I was disappointed, though not surprised, to see Orson Scott Card’s recent editorial in the Mormon Times on the subject of gay marriage. I admire Card’s writing, and I loved his novel Ender’s Game. I guess our political view points are just somewhat out of sync. I mention all of this because my first professional science fiction story was published last year in his magazine, InterGalactic Medicine Show, and while I don’t want to sabotage my potential writing career by seeming ungrateful, I disagree with Scott’s position on this subject.
He claims that the legal recognition of gay marriage in Massachusetts and California marks the end of democracy. Why? Because judges are overturning voter decisions. I dismiss this argument as anger and frustration at a political process at work. After all, this is democracy at work, checks and balances in action. What I find more disturbing is his reasoning that marriage is older than government, that it is universal, and therefore, “It is the permanent or semipermanent bond between a man and a woman, establishing responsibilities between the couple and any children that ensue.”
The logic doesn’t work out. Take his statement that marriage is older than government. Is this to mean that there was an “understanding” among human beings long before government that marriage is between a man and a woman?” Even if this understanding existed, it’s universality doesn’t make it true. After all, for the bulk of human history it was universally believed that the earth was at the center of the universe. Only recently (relative to all of human history) did we realize that this was not true. Just because we believed a “universal truth” didn’t make it true. As our understanding of the universe changed, our beliefs changed. I think the same is true of marriage and we are simply in the early stages. Recall that Galileo was rebuked for showing evidence contrary to the Church in his day, despite the fact that his evidence was incontrovertible.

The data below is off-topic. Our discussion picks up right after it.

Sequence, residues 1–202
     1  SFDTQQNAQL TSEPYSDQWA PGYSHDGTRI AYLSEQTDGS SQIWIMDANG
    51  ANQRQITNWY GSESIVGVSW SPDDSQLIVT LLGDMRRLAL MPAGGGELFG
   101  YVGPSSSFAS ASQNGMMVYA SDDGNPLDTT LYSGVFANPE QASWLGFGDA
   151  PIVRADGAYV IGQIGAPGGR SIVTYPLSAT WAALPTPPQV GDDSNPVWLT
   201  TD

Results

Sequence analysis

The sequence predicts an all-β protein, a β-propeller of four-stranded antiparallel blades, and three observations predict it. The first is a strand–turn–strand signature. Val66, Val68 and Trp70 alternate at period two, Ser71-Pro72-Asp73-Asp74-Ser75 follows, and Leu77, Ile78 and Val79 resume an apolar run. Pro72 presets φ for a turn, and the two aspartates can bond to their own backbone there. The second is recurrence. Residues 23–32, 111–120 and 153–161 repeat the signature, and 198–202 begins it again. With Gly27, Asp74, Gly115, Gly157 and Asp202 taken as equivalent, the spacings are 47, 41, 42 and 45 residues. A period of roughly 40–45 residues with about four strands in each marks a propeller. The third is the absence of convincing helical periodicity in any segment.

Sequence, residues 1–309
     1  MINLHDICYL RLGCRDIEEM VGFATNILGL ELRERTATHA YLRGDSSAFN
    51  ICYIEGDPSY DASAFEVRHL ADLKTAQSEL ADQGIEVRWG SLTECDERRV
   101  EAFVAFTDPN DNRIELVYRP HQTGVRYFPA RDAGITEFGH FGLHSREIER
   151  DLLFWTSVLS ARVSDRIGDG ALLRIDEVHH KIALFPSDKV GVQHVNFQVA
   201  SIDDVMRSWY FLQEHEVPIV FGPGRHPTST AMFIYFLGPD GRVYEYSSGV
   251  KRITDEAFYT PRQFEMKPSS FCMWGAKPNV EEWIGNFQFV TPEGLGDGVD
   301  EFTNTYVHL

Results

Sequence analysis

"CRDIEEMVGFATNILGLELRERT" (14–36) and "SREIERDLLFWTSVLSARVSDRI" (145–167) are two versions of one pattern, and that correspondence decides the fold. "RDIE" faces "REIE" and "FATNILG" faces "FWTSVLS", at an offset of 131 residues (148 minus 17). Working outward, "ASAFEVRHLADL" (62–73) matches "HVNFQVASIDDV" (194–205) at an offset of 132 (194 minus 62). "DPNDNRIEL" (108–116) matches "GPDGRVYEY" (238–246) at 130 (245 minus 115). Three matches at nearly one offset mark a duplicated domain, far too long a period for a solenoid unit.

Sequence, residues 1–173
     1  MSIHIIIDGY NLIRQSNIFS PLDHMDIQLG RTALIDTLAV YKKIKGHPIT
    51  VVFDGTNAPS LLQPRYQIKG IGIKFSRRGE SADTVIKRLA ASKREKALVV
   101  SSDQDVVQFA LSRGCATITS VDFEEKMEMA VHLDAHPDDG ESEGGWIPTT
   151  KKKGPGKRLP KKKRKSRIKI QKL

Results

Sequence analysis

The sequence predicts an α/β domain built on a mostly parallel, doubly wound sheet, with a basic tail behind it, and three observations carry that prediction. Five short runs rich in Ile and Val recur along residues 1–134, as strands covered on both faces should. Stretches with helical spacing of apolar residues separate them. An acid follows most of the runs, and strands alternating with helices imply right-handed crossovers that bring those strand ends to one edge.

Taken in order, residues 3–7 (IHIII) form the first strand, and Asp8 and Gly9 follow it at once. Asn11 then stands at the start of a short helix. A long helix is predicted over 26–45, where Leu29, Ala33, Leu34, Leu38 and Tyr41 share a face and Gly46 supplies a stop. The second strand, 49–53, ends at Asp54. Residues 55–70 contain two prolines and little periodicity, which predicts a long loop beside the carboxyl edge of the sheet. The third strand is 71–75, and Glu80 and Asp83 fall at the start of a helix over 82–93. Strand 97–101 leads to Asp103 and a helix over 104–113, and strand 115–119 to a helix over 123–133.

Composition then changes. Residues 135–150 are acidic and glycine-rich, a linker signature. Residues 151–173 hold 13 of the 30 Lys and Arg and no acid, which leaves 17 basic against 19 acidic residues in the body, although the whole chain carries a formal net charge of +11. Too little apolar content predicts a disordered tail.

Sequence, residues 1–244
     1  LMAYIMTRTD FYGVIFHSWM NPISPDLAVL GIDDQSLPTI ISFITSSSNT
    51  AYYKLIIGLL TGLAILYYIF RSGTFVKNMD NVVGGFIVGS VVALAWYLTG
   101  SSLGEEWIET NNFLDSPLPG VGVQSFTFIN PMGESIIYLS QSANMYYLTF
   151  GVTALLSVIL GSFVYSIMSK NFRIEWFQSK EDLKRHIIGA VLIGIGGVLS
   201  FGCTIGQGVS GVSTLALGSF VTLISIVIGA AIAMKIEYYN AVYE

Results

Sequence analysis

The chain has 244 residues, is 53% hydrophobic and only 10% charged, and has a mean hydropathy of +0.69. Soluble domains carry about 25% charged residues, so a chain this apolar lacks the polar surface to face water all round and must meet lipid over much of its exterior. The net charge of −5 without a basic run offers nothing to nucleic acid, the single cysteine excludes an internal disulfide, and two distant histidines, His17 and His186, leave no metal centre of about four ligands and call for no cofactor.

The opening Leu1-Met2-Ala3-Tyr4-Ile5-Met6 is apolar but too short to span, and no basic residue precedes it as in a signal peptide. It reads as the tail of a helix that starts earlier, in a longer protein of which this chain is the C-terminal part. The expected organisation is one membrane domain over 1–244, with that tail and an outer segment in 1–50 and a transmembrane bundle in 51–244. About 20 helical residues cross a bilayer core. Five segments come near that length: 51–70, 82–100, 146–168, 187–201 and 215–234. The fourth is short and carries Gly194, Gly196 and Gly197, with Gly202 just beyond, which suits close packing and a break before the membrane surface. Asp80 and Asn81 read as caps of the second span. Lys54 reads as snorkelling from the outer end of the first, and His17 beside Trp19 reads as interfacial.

Card goes on to say:
No matter how sexually attracted a man might be toward other men, or a woman toward other women, and no matter how close the bonds of affection and friendship might be within same-sex couples, there is no act of court or Congress that can make these relationships the same as the coupling between a man and a woman… This is a permanent fact of nature.
I know many married couples, the relationship between each of which is different from the others. Card seems to be implying that there is something in nature that makes relationships between same sexes different than between a man and a woman. If so, I don’t know what that something is. My experience tells me that every relationship, be it same-sex or not, is different from every other relationship. We are all wet-wired more or less the same, but our environment has a powerful influence on our personality and that in turn affects a relationship, regardless the type. Card is right in one respect: no act of Congress can make a relationship between any two people the same as any two other people, period.
What Card doesn’t mention in his article is religious doctrine, which is usually at the heart of all of these controversies, and a strong motivating factor for many people against gay marriage. Frankly, I don’t see the big deal. Who cares what consenting adults do with one another? You might not agree with it, but then you don’t have to participate in it. But it seems to me that there is some pervasive fear that conceding on gay marriage is a stepping stone to other more nefarious notions. To me this is ridiculous. It’s like the argument that handing out condoms to kids in school would encourage the kids to have sex. Of course, as studies showed, kids were going to have sex no matter what; handing out condoms just made sure it was safe sex.
There was a time in this country when people found it unthinkable for two people of different races to get married. They said it would destroy the institution of marriage. Other things chipped away at marriage–mostly infidelity–but interracial marriages did no harm to the institution, and in the long run, neither will gay marriage.